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Government to Review the Matrimonial Causes Act 1973

The UK government have announced there will be an extensive review of the law that governs financial provision on divorce; the Matrimonial Causes Act 1973.  

The basic law around the process of applying for a divorce was updated last year with the new “no fault divorce” coming into force in April 2022; a change that was welcomed by many family law practitioners and followed years of campaigning by Resolution (the family lawyers association).   That change made it easier for parties to divorce quickly after separation without needing to cite unreasonable behaviour or adultery of the other person as the reason for the divorce – a point which historically unnecessarily increased acrimony between divorcing couples.

The UK government’s announcement that it is reviewing the law around financial provision on divorce will be welcomed by many given the existing laws have been in place for some 50 years without significant change.  The societal changes in the UK since 1973 have been huge, with more women becoming financially independent and with two income households becoming the norm, rather than the exception.  We also now have same-sex marriage since 2013 and the traditional nuclear family is far from the norm in the UK in 2023.

The law as created in 1973 sets out the factors that the Court takes into account in section 25 of the Act.  Those factors have remained unchanged since, but the law has been subsequently developed by Judge-created case law.  The development of the case law over a 50 year period has led to sweeping changes to how the Act is interpreted and in effect, the law itself has been changed significantly since inception by Judges and their interpretation.

One problem that arises from this, is that Judges therefore have wide discretion to assess each case and make different awards, which ultimately creates uncertainty.  All too often we’re left advising clients that some Judges may agree with you, but some Judges may not.  This can leave divorcing parties with so much uncertainty around the “right” and “fair” outcome that they’re unable to agree a financial settlement – which puts more cases in to the Court process.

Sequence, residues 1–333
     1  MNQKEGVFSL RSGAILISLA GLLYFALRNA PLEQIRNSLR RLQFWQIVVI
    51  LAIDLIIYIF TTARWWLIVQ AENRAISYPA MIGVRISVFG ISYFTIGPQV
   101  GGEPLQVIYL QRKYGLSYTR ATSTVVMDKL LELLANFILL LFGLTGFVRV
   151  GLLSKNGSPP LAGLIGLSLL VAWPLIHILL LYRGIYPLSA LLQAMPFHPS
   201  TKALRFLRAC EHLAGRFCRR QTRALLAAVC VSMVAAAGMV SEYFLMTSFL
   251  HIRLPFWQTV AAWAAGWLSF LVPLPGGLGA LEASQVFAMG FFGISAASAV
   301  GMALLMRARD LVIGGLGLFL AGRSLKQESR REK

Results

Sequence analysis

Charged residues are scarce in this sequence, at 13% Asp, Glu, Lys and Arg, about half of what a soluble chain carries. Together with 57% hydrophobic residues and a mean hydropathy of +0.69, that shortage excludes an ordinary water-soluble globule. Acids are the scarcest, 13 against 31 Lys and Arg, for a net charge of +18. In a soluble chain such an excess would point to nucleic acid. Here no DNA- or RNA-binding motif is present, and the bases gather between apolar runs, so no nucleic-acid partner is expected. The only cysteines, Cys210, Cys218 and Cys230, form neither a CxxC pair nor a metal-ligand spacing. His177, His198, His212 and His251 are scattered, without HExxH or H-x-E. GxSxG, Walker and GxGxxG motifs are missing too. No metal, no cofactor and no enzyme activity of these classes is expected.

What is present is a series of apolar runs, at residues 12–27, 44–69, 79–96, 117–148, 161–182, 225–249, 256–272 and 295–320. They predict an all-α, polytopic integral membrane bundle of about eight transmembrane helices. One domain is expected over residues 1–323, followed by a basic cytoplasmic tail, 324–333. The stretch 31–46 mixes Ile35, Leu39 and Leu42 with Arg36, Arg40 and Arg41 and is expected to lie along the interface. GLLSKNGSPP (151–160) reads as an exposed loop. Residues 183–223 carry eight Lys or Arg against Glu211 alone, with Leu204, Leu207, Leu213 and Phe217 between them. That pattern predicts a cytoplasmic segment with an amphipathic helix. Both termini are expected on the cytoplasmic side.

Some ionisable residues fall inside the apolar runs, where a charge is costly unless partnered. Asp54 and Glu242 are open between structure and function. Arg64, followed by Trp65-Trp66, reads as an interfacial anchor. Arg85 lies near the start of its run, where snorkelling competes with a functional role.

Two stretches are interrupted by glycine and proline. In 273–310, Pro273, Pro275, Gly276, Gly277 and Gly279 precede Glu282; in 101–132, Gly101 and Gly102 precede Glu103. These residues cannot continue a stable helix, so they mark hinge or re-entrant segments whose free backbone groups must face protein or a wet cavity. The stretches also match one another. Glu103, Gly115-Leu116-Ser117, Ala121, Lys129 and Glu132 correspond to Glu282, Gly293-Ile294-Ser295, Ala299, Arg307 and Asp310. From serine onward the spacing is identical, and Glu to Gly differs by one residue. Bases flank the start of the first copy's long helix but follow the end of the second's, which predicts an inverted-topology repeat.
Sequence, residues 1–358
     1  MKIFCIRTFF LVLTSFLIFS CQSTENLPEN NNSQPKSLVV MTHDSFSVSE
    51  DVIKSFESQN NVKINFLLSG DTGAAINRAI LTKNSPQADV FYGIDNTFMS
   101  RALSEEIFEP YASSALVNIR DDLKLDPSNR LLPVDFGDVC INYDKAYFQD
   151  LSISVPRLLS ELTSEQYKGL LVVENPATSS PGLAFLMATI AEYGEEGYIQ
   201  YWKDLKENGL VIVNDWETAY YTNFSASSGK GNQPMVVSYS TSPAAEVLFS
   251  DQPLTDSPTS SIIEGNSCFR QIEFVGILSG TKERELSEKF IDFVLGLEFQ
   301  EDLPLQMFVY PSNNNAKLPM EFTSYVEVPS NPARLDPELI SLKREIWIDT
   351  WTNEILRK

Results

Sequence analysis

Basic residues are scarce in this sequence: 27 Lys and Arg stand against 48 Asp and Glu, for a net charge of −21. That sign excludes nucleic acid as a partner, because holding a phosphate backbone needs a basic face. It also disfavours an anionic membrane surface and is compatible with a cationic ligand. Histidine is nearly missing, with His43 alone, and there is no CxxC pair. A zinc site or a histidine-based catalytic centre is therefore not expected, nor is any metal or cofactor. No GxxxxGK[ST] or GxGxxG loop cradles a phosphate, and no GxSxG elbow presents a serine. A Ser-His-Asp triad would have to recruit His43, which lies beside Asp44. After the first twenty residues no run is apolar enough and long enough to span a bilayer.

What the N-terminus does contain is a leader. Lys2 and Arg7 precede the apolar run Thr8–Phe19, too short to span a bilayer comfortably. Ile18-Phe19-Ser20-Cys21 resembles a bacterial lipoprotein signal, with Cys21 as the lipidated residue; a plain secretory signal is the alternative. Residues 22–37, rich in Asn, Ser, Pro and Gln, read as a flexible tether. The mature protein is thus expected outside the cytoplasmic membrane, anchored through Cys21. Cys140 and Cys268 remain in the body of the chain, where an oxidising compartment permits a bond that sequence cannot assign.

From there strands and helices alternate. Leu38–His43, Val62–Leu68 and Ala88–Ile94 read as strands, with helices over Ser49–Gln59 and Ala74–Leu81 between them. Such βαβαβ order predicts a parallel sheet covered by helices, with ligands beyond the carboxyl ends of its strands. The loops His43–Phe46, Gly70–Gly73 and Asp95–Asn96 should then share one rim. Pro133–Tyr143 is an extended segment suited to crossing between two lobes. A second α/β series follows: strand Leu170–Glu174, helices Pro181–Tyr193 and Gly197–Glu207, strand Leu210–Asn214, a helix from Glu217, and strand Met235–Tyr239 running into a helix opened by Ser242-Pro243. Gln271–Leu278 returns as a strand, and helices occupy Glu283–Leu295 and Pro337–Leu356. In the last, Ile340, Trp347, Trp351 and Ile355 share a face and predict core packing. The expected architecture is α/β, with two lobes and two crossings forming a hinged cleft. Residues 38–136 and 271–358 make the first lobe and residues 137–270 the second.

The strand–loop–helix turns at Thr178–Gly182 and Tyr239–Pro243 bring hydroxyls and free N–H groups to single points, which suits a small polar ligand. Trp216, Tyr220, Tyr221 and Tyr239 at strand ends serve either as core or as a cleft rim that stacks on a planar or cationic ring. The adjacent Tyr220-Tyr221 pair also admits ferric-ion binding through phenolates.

One way to avoid this uncertainty being overwhelming is to get early legal advice from an experienced family law specialist.  A matrimonial finance specialist will have seen enough divorce cases and heard enough Judges give indications and make decisions, to give clear advice about potential outcomes.  We don’t have a predictable and certain system here in England – but with enough specialist knowledge and experience, our lawyers are in the best position to give our clients the best possible advice.  And we pride ourselves on keeping as many cases out of Court as possible.  Where cases do need to go to Court; our clients frequently achieve an outcome that is in line with the advice we have provided.  We will only ever advise a client to take a financial claim through Court if it is clear that this is the only way for them to achieve a fair and reasonable outcome – and often that is in cases where sadly the opposing party is not in receipt of legal advice from a matrimonial finances specialist.

It is sincerely hoped by the Family Law Group that the review of the Matrimonial Causes Act 1973 will not only bring the law more up to date so it is more reflective of the society we live in today, but that it will also bring some clarity to the way in which the Courts will apply the law.  More certainty for divorcing parties, and potentially a more formulaic approach, will hopefully reduce the amount of cases that end up in Court proceedings and help couples divorce amicably, quickly and cost-effectively.  At Family Law Group we fully subscribe to this approach and continue to help our clients navigate through the current law which undoubtedly requires greater clarity.  Most of our matrimonial financial specialists are accredited by either the Law Society as specialists in their field, or by Resolution (the family lawyers association) as financial remedy specialists.  

For more advice, please contact your local Family Law Group and ask to book an appointment with one of our matrimonial finance specialists.

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